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Integration with Exim

This section is unaltered copy-paste of Asynchronous Email: Exim over NNCP (or UUCP) article by John Goerzen, with his permission.

Sending from Exim to a smarthost

One common use for async email is from a satellite system: one that doesn’t receive mail, or have local mailboxes, but just needs to get email out to the Internet. This is a common situation even for conventionally-connected systems; in Exim speak, this is a "satellite system that routes mail via a smarthost". That is, every outbound message goes to a specific target, which then is responsible for eventual delivery (over the Internet, LAN, whatever).

This is fairly simple in Exim.

We actually have two choices for how to do this: bsmtp or rmail mode. bsmtp (batch SMTP) is the more modern way, and is essentially a derivative of SMTP that explicitly can be queued asynchronously. Basically it’s a set of SMTP commands that can be saved in a file. The alternative is rmail (which is just an alias for sendmail these days), where the data is piped to rmail/sendmail with the recipients given on the command line. Both can work with Exim and NNCP, but because we’re doing shiny new things, we’ll use bsmtp.

These instructions are loosely based on the Using outgoing BSMTP with Exim HOWTO. Some of these may assume Debianness in the configuration, but should be easily enough extrapolated to other configs as well.

First, configure Exim to use satellite mode with minimal DNS lookups (assuming that you may not have working DNS anyhow).

Then, in the Exim primary router section for smarthost (router/200_exim4-config_primary in Debian split configurations), just change transport = remote_smtp_smarthost to transport = nncp.

Now, define the NNCP transport. If you are on Debian, you might name this transports/40_exim4-config_local_nncp:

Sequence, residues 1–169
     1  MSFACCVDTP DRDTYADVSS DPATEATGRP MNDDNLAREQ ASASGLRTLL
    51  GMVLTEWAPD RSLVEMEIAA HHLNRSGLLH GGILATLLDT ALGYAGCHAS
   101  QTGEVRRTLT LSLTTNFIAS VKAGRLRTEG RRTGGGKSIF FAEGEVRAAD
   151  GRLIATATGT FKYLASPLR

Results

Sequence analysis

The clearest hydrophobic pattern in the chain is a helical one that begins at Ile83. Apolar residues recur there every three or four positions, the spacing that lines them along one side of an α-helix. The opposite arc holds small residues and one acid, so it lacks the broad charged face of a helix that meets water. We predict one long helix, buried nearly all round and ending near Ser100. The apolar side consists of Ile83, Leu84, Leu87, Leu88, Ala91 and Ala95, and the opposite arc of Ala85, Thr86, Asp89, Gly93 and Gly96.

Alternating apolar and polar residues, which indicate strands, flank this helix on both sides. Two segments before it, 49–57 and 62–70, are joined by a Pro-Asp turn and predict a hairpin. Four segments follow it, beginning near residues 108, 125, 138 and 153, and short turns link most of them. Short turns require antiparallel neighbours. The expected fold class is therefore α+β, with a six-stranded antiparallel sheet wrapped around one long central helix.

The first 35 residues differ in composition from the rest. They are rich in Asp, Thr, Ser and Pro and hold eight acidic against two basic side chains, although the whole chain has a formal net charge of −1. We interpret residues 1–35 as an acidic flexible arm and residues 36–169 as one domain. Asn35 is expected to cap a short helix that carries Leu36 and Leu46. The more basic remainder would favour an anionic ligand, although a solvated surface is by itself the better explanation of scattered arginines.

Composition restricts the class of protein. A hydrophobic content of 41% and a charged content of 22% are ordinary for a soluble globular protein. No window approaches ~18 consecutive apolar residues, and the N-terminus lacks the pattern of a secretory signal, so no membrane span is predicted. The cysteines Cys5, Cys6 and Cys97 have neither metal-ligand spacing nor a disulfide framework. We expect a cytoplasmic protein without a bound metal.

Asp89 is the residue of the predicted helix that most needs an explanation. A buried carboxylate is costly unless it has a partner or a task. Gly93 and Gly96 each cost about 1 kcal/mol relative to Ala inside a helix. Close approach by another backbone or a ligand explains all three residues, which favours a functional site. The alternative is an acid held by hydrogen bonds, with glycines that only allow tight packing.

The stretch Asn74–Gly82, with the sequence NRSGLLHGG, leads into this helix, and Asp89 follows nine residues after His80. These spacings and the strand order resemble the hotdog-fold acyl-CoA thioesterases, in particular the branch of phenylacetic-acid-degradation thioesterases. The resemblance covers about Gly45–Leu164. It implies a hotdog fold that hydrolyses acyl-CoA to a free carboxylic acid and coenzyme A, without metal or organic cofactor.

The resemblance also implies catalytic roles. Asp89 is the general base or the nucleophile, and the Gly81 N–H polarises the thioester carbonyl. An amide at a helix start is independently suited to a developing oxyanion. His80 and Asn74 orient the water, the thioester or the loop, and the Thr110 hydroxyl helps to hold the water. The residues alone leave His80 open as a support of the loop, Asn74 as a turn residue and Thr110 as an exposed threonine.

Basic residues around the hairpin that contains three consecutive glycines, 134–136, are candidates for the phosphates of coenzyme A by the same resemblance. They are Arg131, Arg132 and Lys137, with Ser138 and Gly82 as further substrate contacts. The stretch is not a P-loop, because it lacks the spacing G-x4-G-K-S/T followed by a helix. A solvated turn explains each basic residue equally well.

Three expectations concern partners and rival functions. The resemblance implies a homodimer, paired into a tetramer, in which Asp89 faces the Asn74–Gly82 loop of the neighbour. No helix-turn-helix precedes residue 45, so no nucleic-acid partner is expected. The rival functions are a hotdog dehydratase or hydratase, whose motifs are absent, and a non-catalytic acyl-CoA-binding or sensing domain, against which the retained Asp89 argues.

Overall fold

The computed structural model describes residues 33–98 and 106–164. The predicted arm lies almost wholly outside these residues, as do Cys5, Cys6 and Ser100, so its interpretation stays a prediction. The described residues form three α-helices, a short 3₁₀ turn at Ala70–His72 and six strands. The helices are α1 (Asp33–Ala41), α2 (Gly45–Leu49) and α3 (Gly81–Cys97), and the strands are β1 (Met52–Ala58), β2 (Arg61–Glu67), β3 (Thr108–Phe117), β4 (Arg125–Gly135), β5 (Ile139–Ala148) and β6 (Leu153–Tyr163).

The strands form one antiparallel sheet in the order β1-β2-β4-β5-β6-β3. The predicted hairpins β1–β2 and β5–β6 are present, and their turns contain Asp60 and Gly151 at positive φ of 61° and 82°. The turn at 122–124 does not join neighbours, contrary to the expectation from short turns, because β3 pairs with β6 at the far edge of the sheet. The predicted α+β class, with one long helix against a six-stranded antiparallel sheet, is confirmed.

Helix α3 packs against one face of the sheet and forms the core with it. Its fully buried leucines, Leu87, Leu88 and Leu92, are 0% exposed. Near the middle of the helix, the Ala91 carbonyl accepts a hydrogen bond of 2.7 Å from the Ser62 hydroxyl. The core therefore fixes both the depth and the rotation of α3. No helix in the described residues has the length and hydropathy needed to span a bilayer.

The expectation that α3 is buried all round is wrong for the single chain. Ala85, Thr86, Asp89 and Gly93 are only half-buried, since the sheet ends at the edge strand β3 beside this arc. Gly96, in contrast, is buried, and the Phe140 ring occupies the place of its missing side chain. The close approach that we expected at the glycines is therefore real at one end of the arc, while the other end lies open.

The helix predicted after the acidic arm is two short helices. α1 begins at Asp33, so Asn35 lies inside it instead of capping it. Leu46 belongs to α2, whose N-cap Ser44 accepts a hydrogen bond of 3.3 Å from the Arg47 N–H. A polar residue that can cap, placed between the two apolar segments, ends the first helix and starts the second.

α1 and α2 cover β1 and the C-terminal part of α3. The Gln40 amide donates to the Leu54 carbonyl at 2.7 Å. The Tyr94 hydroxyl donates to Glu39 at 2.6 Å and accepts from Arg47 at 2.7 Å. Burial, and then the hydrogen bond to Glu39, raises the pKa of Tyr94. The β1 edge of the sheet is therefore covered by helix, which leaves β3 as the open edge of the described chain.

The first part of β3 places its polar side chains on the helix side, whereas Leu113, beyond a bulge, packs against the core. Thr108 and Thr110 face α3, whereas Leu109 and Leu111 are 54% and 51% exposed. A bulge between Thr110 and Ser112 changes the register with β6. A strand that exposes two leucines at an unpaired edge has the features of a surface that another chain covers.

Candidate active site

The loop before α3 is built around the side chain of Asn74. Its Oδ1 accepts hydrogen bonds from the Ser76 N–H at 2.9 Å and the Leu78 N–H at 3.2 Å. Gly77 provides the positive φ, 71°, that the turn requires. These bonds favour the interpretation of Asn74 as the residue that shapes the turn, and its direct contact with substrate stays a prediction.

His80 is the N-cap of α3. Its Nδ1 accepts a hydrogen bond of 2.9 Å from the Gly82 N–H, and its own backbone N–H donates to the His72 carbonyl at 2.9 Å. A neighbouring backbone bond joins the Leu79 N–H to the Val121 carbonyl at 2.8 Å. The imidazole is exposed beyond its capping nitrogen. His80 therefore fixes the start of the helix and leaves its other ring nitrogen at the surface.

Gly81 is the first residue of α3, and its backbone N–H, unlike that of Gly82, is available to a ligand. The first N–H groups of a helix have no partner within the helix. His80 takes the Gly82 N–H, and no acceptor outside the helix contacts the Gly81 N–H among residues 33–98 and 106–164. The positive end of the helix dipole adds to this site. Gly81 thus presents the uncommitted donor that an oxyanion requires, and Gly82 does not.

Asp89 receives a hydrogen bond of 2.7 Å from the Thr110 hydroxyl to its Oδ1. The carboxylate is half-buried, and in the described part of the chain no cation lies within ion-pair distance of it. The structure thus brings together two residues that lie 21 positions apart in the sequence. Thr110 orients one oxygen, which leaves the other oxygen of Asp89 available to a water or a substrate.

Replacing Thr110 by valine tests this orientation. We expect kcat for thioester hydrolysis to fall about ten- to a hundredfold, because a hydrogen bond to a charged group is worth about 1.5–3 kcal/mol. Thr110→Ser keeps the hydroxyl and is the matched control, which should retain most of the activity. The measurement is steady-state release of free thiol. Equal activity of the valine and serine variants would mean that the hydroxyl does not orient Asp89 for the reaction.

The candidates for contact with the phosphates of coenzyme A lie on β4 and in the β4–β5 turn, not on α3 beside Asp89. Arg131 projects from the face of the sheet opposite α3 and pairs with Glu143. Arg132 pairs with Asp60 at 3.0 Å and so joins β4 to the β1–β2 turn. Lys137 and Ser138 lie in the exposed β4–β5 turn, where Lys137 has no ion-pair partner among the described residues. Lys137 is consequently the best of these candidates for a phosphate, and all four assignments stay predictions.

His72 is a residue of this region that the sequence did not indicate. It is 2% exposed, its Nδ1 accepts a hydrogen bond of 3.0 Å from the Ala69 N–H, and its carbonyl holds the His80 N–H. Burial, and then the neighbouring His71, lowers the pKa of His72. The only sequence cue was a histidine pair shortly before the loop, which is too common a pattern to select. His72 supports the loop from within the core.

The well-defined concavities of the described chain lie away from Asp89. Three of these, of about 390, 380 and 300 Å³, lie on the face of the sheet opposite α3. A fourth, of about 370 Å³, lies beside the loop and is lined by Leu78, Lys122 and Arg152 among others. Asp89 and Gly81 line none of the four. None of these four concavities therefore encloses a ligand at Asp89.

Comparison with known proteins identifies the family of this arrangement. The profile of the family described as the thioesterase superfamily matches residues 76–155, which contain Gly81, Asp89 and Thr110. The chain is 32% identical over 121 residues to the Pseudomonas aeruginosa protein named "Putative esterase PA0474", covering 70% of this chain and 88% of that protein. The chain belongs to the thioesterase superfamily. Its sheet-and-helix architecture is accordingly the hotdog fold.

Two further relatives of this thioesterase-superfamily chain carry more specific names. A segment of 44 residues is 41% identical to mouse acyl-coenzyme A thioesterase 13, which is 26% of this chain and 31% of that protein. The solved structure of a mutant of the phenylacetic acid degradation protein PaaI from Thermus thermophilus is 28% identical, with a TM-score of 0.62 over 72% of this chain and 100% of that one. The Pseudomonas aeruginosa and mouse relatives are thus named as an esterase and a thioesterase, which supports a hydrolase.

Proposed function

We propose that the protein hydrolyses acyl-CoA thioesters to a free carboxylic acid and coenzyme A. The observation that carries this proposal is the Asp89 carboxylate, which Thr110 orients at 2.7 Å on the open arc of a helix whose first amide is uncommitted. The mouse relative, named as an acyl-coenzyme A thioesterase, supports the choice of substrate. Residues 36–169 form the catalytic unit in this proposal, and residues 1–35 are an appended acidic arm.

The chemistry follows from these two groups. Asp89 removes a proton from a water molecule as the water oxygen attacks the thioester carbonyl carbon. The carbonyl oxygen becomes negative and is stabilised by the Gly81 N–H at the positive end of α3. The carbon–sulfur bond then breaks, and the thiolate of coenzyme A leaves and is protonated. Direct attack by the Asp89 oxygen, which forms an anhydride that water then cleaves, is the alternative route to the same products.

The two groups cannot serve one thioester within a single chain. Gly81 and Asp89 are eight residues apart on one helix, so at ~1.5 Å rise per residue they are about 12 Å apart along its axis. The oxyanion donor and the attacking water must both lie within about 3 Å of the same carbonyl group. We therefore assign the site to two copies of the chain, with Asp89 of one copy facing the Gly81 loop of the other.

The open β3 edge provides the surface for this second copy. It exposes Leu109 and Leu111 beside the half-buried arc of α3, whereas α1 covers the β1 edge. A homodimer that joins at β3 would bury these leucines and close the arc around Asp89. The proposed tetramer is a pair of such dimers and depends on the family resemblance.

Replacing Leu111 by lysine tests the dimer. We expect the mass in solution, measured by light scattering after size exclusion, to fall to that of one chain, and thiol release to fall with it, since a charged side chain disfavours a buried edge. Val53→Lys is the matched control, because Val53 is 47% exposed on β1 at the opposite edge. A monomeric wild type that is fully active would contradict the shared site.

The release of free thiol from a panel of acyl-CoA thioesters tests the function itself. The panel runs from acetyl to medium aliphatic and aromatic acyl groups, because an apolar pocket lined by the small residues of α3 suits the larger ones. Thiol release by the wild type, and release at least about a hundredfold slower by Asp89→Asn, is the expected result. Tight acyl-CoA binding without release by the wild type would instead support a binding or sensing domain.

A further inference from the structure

nncp:
  debug_print = "T: nncp transport for $local_part@$domain"
  driver = pipe
  user = nncp
  batch_max = 100
  use_bsmtp
  command = /usr/local/nncp/bin/nncp-exec -noprogress -quiet hostname_goes_here rsmtp
.ifdef REMOTE_SMTP_HEADERS_REWRITE
  headers_rewrite = REMOTE_SMTP_HEADERS_REWRITE
.endif
.ifdef REMOTE_SMTP_RETURN_PATH
  return_path = REMOTE_SMTP_RETURN_PATH
.endif

This is pretty straightforward. We pipe to nncp-exec, run it as the nncp user. nncp-exec sends it to a target node and runs whatever that node has called rsmtp (the command to receive bsmtp data). When the target node processes the request, it will run the configured command and pipe the data in to it.

More complicated: Routing to various NNCP nodes

Perhaps you would like to be able to send mail directly to various NNCP nodes. There are a lot of ways to do that.

Fundamentally, you will need a setup similar to the UUCP example in Exim’s manualroute manual, which lets you define how to reach various hosts via UUCP/NNCP. Perhaps you have a star topology (every NNCP node exchanges email with a central hub). In the NNCP world, you have two choices of how you do this. You could, at the Exim level, make the central hub the smarthost for all the side nodes, and let it redistribute mail. That would work, but requires decrypting messages at the hub to let Exim process. The other alternative is to configure NNCP to just send to the destinations via the central hub; that takes advantage of onion routing and doesn’t require any Exim processing at the central hub at all.

Receiving mail from NNCP

On the receiving side, first you need to configure NNCP to authorize the execution of a mail program. In the section of your receiving host where you set the permissions for the client, include something like this:

exec: {
    rsmtp: ["/usr/sbin/sendmail", "-bS"]
}

The -bS option is what tells Exim to receive BSMTP on stdin.

Now, you need to tell Exim that nncp is a trusted user (able to set From headers arbitrarily). Assuming you are running NNCP as the nncp user, then add MAIN_TRUSTED_USERS = nncp to a file such as /etc/exim4/conf.d/main/01_exim4-config_local-nncp. That’s it!

Some hosts, of course, both send and receive mail via NNCP and will need configurations for both.


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